Today, with our member Niki Lauda as one of today’s  wise elder statesmen of Formula 1 in his role with Mercedes Benz , it is perhaps appropriate to go back a while and think about how Lauda came from nothing to become one of the greatest racing drivers in the world.

Niki Lauda with his familiar Parmalat cap with Ron Dennis of McLaren
Niki Lauda with his familiar Parmalat cap with Ron Dennis of McLaren

I was reminded of this recently when sorting out some tapes I made when I was in Hong Kong twenty years ago. Lauda arrived on a promotional tour for Ferrari to attend the Ferrari Festival held on the docks at Kowloon. He was in good form and he and I went to his hotel for some peace and quiet where he told me some of the stories of his early days in racing.

It is well known that Niki Lauda’s break came thanks to help from his local bank, the Erste Bank der Oesterreichischen Sparkassen AG, in Vienna that sponsored him in German Formula Vee racing as well as with sports cars. Then came the chance to join March and launch his Formula 1 career.

“ I then made a deal with the bank manager, showing him all the papers and write ups I had, so that I could go into Formula 1 with March.

“March wanted $250,000 so I went to London and signed the dotted line for the 1972 season on the word of the bank manager who had agreed on the sponsorship. When I got back the manager then told me he was sorry but the amount was so much that it had to go before the supervisory board of the bank; which included my grandfather, and they turned it down!

 “I said, shit, I’ve signed a contract so he said he was sorry but these were the rules of the bank. So I now had my signature on a March contract but no money.

 “I had three weeks to find the money and tried various potential sponsors but realised it was not going to work so I went to another bank. I offered them a deal. I would give them $25,000, which was the interest on the loan, and I would take out an insurance policy for the rest so that if anything happened to me they would get their money back. He looked at me and asked me if I was serious and I said, yes, I was serious. He checked with his bosses and they agreed and that was how I got into Formula 1”.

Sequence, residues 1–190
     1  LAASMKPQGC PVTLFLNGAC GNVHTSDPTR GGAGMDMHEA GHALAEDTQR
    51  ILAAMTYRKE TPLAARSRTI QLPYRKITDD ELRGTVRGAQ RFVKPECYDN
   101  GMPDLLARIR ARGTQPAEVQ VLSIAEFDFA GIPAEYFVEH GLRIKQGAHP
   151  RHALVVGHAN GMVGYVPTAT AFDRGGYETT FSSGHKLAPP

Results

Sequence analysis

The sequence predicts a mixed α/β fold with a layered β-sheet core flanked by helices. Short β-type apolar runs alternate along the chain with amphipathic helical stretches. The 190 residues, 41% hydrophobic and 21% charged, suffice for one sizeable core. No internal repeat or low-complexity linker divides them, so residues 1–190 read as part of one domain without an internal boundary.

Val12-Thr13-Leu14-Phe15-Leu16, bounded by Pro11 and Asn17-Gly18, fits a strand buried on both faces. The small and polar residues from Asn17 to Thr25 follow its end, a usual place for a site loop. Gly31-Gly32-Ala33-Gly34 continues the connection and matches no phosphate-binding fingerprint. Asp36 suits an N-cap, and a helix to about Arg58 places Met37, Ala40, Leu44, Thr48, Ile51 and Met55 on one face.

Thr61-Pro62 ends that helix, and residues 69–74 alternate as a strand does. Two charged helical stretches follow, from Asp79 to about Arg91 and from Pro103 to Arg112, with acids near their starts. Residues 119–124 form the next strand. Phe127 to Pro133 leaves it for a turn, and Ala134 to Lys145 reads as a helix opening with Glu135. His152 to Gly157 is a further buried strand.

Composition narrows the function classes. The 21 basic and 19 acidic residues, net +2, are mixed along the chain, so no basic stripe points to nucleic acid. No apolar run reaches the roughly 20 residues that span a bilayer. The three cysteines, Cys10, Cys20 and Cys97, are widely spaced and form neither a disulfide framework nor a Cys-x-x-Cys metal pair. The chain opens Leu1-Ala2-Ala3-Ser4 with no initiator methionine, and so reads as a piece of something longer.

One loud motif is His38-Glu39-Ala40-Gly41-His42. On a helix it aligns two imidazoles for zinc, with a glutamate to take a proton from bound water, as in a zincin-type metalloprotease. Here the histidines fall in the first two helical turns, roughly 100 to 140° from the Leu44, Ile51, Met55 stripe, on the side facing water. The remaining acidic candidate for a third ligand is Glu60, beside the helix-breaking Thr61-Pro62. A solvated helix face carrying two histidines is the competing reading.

I then asked Niki about a one-off race he had at Zeltweg in one of the beautiful little Chevron B19 Sports cars. The Austrian organisers of the race approached Lauda, as Austria’s new up and coming driver, whether he would drive a Chevron B19 in the big race.

“ I said, why not, as my fellow Austrian, Helmut Marko who was also racing at the time,  was driving a Lola. It was a slipstream race from the start and in the end I won the race, my first and only drive in a Chevron”.

 So, before he got into Formula 1 what were the cars that impressed him on the way up the ladder?

Niki Lauda, right, in Kowloon, Hong Kong in 1994 with Graham Gauld, writer
Niki Lauda, right, in Kowloon, Hong Kong in 1994 with Graham Gauld, writer

“ I think the Porsche 908  I bought from Alain de Cadenet, I won a couple of races and suddenly things got better”.

 

After March Lauda moved to the BRM team, for which the British have always had a soft spot even though it was a bit of a disaster in its early years.

 BRM was quite a funny situation because I had a contract with March for two years but at the end of my first season March went bankrupt. So I started negotiating with Louis Stanley ( The owner of BRM) at the end of 1972 but he already had Regazzoni, Beltoise and Vern Schuppan but I convinced him that he should give me a chance and that I would bring sponsorship with me even though I really didn’t have any sponsorship. I ran for the season but at one stage I was lying third in Monte Carlo and that is when Enzo Ferrari saw me”.